# LaTeX Cheat Sheet

Since 3 decades, LaTeX is the state of the art typesetting system for professional publishing. Its fonts are of unmatched beauty, and its features leave nothing to be desired. I use LaTeX for more than 2 decades now. This cheat sheet gets you jump started for more than 80% of what is needed for a professional publication.

Author:
Christian Hujer, Software Crafter and CEO / CTO of Nelkinda Software Craft Private Limited
First Published:
by Nelkinda Software Craft Private Limited
by Christian Hujer

## 1 Introduction

I have high standards when it comes to documentation and publishing. Something worth doing is worth doing properly. This applies to multiple levels. I want nice fonts and nice layout because that makes reading easier. But I also want other features, such as lots of cross-references of different kinds, to make handling technical books easier. A full-text search doesn't always cut it, and a full-text search is also slower than designed, built-in hyperlinks. The cheat sheet in this article provides nothing less than:

• Title page
• List of Figures, Tables, and Listings
• Bibliography
• Frontmatter with roman page numbers, for preface and foreword
• Multiple parts to group chapters
• Chapters (obviously), with epigraphs
• Appendix
• Backmatter with acronyms, glossary, and index
• Output as PDF, with Hyperlinks

## 2 Basic Document Structure

Makefile
.ONESHELL:
SHELL:=/bin/bash

book.pdf: book.tex data/*.tex chapters/*.tex data/book.bib
-pdflatex $< -bibtex book.aux -makeindex book -makeglossaries book -pdflatex$<
-makeindex book
-makeglossaries book
pdflatex $< .PHONY: clean clean::$(RM) {,*/}*.{aux,dvi,log,bbl,blg,lof,lol,lot,toc,idx,ilg,ind,out,ist,glo,acn,acr,alg,glg,gls}

.PHONY: distclean
distclean:: clean
$(RM) *.pdf book.tex \documentclass{memoir} \usepackage{graphics} \usepackage{hyperref} \usepackage{listings} \usepackage{color} \usepackage{makeidx} \usepackage[acronym,toc]{glossaries} \usepackage{longtable} \usepackage{todonotes} \include{data/acronyms} \include{data/glossary} \makeindex \makeglossaries \title{Title of the Book} \date{2018-05-09} \author{Christian Hujer} \stockaiv \begin{document} \frontmatter \pagenumbering{roman} \maketitle \newpage \tableofcontents \newpage \listoffigures \newpage \listoftables \newpage \lstlistoflistings \include{chapters/preface} \mainmatter \part{Introduction} \include{chapters/part1/chapter1} \include{chapters/part1/chapter2} \part{Integration} \include{chapters/part2/chapter3} \include{chapters/part2/chapter4} \appendix \include{chapters/appendix1} \include{chapters/appendix2} \backmatter \printglossary[type=\acronymtype] \printglossary \bibliographystile{ieeetr} \bibliography{data/book} \printindex \end{document} ## 3 Acronyms book.tex \usepackage{hyperref} \usepackage[acronym,toc]{glossaries} \include{data/acronyms} \makeglossaries \printglossary[type=\acronymtype] data/acronyms.tex \newacronym{acronym:GNU}{GNU}{GNU is Not Unix} chapters/chapter.tex \acrshort{acronym:GNU} ## 4 Glossary book.tex \usepackage{hyperref} \usepackage[acronym,toc]{glossaries} \include{data/glossary} \makeglossaries \printglossary data/glossary.tex \newglossaryentry{agile} { name=agile, description={ A style of organizing software development described by the Agile Manifesto. } } chapters/chapter.tex \Gls{agile} or \gls{agile} ## 5 Unordered List (<ul/>-style) chapters/chapter.tex \begin{itemize} \item Item 1 \item Item 2 \end{itemize} ## 6 Ordered List (<ol/>-style) chapters/chapter.tex \begin{enumerate} \item Item 1 \item Item 2 \end{enumerate} ## 7 Index Makefile book.pdf: book.tex -pdflatex$<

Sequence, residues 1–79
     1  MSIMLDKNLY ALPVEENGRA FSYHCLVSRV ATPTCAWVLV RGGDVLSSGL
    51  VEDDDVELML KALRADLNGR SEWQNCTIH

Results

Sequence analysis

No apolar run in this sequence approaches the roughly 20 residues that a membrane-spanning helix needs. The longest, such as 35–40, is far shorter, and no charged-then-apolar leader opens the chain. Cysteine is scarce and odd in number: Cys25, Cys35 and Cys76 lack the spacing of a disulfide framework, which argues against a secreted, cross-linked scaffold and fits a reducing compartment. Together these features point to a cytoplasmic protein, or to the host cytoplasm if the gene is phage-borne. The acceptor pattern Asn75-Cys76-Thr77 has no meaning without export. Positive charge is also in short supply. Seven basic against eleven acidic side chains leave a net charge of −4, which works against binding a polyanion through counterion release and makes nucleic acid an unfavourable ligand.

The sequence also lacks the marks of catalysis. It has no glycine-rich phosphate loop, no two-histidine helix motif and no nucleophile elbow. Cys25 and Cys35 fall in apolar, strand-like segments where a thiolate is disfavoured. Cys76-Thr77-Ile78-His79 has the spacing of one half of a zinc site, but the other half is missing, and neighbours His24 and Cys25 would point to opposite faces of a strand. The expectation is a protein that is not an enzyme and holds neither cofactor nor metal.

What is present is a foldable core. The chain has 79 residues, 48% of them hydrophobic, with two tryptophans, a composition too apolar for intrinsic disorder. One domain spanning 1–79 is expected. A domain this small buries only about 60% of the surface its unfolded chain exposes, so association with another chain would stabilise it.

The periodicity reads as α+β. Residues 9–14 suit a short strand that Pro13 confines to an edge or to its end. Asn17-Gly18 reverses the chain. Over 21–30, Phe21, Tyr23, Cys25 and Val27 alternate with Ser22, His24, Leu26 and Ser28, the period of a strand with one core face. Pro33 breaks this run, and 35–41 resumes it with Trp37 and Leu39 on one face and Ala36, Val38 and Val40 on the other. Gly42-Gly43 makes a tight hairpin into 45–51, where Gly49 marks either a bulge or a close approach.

-makeindex book
pdflatex \$<
book.tex
\usepackage{makeidx}
\makeindex
\printindex
chapters/chapter.tex
\index{Maven}Maven
\index{Ritchie, Dennis M.}Dennis M. Ritchie
\index{Hello, World!make}Hello, World in make
\index{Hello, World!C}Hello, World in C
\index{printf@\texttt{printf}}\texttt{printf}

The \index{} tag should be before the text that is to be indexed.

The expression that is to be indexed may be subject to a page break. The index page should be the first of the two pages of a broken expression. Therefore, the reference should be to the start of the expression. To achieve that, the \index{} tag should be before the text that is to be indexed.

## 8 Listings

book.tex
\usepackage{listings}
\lstlistoflistings
chapter/chapter.tex
\lstinputlisting[caption={Hello, World!\index{Hello, World!C} in C}, label={lst:hello.c}]{src/hello.c}

## 9 Epigraphs

chapters/chapter.tex
\chapter{Introduction to C}
\epigraph{C is quirky, flawed, and an enormous success.''}{\em Dennis M. Ritchie\index{Ritchie, Dennis M.}\em}
\chapter{Text Editors}
\epigraph{\includegraphics[width=\textwidth]{gfx/real_programmers}}{xkcd}

## 10 Bibliography

book.bib
@book{latexcompanion,
author    = "Michel Goossens and Frank Mittelbach and Alexander Samarin",
title     = "The \LaTeX\ Companion",
year      = "1993",
}
book.tex
\backmatter
\printglossary[type=\acronymtype]
\printglossary
\bibliographystile{ieeetr}
\bibliography{data/book}
chapters/chapter.tex
The \LaTeX\ Companion\cite{latexcompanion}

Multiple authors are separated with and.

## 11 Miscellaneous

• LaTeX logo: \LaTeX